female film directors

“It’s irrelevant who or what directed a movie, the important thing is that you either respond to it or you don’t. There should be more women directing; I think there’s just not the awareness that it’s really possible. It is.” - Kathryn Bigelow


But … in my own experience of male and female directors, people have a much, much harder time taking a direct command from a woman. It’s somehow very difficult for people.

- Meryl Streep

Meryl Streep directed by women filmography:

She-Devil dir. Susan Seidelman -1989
The Music of Regret dir. Laurie Simmons - 2006
Mamma Mia! dir Phyllida Lloyd - 2008
Julie & Julia dir. Nora Ephron - 2009
It’s Complicated dir. Nancy Meyers - 2009
The Iron Lady dir. Phyllida Lloyd - 2011
Suffragette dir. Sarah Gavron - 2015
Harriet Walter on creating an all-female Shakespeare trilogy
Honestly, you wait ages for an all-female production of a martial, masculine, Shakespeare play, and then three come along at once. This autumn actress Harriet Walter and director Phyllida Lloyd are reviving their acclaimed Donmar Warehouse productions of Julius Caesar (2012) and Henry IV (2014) alongside a new production of The Tempest, all three set in a women’s prison.

Long ago, I remember thinking I could never be as good, kind, wise, loving and generally brilliant and gorgeous as her. It’s taken me over half a century to stop trying. - Emma Thompson about her mother Phyllida Law (x)

Review: Phyllida and the Brotherhood of Philander by Ann Herendeen

Note: This is a guest review from Rachel at dendritic-trees.   Rachel lives in Montreal and would read a lot more if she wasn’t so busy working on a PhD in Neuroscience.  She identifies as biromantic asexual.

It’s really rare to find a book where a man begins the story identifying as gay and then comes out as bisexual.

Andrew Carrington is the heir to an earldom and one of the most eligible bachelors in Regency England.  Unfortunately for both him and his potential brides, he’s not interested in women and much prefers the company of the men at the exclusive club, the Brotherhood of Philander, where men of similar tastes can gather.  Under pressure to marry and conceive and heir, he arranges to marry Phyllida Lewis, a young woman from an impoverished family who writes romance novels under a pseudonym.

Originally both partners are happy with the terms of their business-like arrangement, if not their actual marriage. Phyllida is financially secure and free to continue her writing career, while Andrew is free to start a relationship with Matthew Thornby, a handsome newcomer to London.  That is, if his enemies don’t discover and reveal the secrets of the Brotherhood of Philander while he finds himself increasingly and unexpectedly attracted to Phyllida.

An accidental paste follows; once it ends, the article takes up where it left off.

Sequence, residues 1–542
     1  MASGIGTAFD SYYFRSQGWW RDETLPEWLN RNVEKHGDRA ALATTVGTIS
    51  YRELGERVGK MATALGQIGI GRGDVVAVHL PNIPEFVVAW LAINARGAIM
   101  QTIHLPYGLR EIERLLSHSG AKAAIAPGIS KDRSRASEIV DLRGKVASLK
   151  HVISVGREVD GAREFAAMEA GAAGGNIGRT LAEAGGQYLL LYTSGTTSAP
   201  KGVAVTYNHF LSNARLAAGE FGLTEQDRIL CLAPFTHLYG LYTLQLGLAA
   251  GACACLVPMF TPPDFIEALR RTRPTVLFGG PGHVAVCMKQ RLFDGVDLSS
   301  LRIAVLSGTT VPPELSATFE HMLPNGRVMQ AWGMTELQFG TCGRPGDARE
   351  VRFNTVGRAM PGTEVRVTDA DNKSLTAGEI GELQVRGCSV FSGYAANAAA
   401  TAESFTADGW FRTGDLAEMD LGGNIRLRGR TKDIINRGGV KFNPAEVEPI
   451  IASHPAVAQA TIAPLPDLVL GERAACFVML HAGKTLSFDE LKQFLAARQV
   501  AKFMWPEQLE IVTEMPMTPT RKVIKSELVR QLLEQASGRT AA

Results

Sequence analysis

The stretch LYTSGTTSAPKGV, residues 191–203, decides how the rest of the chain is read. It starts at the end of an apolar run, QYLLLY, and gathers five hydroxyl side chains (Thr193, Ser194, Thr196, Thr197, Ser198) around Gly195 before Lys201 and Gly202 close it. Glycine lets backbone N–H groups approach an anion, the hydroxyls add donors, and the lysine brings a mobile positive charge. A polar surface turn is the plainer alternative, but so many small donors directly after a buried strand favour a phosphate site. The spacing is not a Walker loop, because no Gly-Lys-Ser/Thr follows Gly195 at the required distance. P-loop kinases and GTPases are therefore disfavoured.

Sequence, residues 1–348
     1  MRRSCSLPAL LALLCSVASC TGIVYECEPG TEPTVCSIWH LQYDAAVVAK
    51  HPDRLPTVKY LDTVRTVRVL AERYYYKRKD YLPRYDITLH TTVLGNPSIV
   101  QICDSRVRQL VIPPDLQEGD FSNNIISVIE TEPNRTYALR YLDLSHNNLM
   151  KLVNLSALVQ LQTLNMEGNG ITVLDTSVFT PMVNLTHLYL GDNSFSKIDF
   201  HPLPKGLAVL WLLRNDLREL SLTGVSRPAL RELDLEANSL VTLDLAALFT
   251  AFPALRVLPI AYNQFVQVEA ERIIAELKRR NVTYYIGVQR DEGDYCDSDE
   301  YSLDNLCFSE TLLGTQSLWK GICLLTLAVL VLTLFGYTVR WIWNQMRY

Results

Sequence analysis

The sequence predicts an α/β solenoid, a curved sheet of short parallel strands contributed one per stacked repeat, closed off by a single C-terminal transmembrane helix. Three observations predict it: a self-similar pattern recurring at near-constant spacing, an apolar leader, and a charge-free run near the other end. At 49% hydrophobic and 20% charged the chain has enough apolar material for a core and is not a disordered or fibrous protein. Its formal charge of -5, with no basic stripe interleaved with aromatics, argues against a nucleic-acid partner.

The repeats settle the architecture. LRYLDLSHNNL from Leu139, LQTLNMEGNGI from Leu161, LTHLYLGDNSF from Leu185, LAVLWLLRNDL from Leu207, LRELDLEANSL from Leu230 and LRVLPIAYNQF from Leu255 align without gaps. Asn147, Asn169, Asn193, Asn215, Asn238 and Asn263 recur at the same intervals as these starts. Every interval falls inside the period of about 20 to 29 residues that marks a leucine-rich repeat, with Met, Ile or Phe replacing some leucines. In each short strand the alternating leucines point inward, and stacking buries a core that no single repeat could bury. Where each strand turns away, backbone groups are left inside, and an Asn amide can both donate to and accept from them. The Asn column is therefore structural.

The book gets off to a slow start that is driven largely by personality conflicts because none of the characters like each other very much, Andrew is rather misogynistic and Phyllida puts up with him because she has very little choice.  As Andrew spends more time around Phyllida and some of the other female characters, though, he revises a lot of his opinions about women and becomes a lot more pleasant.  Once it gets off the ground, it’s a very humorous Regency romance.  By the end I couldn’t put it down.

Andrew’s progression from perceiving himself as only being attracted to men, to realizing that he’s attracted to and falling in love with Phyllida is treated respectfully, but its also absolutely hilarious at times.  So is Phyllida’s developing attraction to Andrew, and, especially to Andrew and his male partners.  By the end of the story, he has shifted from a gay man who takes a wife for practical purposes, to a bisexual man in a polyamorous relationship with his wife and male partner.

The story never actually describes Andrew as bisexual, preferring period accurate language.  Ann Herendeen also provides a very thorough set of author’s notes where she explains both the history of gay and bisexual relationships and the language used to describe them and clarifies that she was specifically writing a bisexual romance.  This is one of the very few cases where having the author explain that a character is bisexual after the fact actually makes sense.  It keeps the historical detail intact but prevents any confusion for people who might have gotten a bit lost in the unfamiliar language.  Its also a great introduction to a some underrepresented history, and includes a few references for people who want to know more.

- Rachel